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ARTHROTEC 75 MODIFIED-RELEASE TABLETS

Active substance(s): DICLOFENAC SODIUM / MISOPROSTOL / DICLOFENAC SODIUM / MISOPROSTOL / DICLOFENAC SODIUM / MISOPROSTOL

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To move the position of the sub-heading for uncommon side effects in section 4.
Package leaflet: Information for the patient



Arthrotec® 75
modified-release tablets



(diclofenac sodium and misoprostol)
Read all of this leaflet carefully before you start taking
this medicine because it contains important information
for you.
 Keep this leaflet. You may need to read it again.
 If you have any further questions, ask your doctor or
pharmacist.
 This medicine has been prescribed for you only. Do
not pass it on to others. It may harm them, even if
their signs of illness are the same as yours.
 If you get any side effects, talk to your doctor or
pharmacist. This includes any possible side effects
not listed in this leaflet. See section 4.
The name of your medicine is Arthrotec 75 modified-release
tablets but will be referred to as Arthrotec throughout this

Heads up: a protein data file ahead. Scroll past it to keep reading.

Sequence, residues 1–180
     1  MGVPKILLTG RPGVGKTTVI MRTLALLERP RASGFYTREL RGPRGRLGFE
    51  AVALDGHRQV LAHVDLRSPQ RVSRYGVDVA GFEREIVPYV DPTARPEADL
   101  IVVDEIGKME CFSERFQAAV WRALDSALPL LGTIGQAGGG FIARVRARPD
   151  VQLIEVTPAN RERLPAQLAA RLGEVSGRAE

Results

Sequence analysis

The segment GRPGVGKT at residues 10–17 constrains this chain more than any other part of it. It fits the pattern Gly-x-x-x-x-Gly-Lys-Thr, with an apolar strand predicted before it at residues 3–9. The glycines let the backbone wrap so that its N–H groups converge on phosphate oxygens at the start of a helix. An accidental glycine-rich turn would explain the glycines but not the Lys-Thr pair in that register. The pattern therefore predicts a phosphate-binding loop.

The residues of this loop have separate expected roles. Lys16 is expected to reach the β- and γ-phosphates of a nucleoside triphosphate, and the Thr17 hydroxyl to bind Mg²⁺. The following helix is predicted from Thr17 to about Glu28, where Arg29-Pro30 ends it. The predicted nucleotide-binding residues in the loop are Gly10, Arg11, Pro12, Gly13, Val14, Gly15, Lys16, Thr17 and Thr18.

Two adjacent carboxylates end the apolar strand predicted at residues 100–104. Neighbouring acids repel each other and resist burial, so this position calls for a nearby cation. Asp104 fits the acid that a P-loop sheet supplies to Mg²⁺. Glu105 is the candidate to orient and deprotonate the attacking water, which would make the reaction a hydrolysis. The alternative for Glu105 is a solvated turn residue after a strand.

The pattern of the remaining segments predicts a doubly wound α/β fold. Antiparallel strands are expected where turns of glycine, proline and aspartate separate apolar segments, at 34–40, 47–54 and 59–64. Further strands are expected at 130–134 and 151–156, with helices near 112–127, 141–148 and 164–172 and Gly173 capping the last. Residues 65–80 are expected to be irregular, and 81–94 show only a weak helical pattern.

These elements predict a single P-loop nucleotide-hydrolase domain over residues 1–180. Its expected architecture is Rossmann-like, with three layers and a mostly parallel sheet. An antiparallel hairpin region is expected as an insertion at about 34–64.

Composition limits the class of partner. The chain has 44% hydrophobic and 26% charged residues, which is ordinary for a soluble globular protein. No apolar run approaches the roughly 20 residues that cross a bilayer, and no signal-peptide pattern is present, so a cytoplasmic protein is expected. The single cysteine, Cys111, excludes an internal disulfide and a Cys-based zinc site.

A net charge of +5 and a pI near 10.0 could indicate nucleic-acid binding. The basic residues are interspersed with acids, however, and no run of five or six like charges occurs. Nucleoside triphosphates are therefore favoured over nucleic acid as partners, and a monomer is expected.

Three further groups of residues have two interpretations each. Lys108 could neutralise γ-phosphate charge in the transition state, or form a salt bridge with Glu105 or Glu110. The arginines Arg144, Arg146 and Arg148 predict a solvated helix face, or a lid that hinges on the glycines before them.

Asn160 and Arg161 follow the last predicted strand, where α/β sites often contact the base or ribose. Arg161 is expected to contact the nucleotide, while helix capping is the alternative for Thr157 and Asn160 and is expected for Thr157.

leaflet.
What is in this leaflet
1. What Arthrotec is and what it is used for
2. What you need to know before you take Arthrotec
3. How to take Arthrotec
4. Possible side effects
5. How to store Arthrotec
6. Contents of the pack and other information

1. What Arthrotec is and what it is used for
Arthrotec helps to relieve the pain and swelling of
rheumatoid arthritis and osteoarthritis, and may help to
protect patients at risk of irritation or ulceration of the
stomach or intestines.
Arthrotec contains diclofenac and misoprostol. Diclofenac
belongs to a group of medicinal products called NonSteroidal Anti-Inflammatory drugs (NSAIDs).
Although NSAIDs relieve the pain, they can reduce the
amount of natural protective substances called
prostaglandins in the stomach lining.
This means that NSAIDs can lead to stomach upsets or
stomach ulcers. Arthrotec also contains misoprostol which is
very similar to these prostaglandins and may help protect
your stomach.

2. What you need to know before you take
Arthrotec
Do not take Arthrotec
If you:
 have had an allergic reaction such as a skin rash,
swelling or itchiness of the skin, severe nasal congestion,
asthma or wheezing after taking diclofenac or other
NSAIDs such as aspirin (acetylsalicylic acid), misoprostol
or another prostaglandin medicine, or any of the other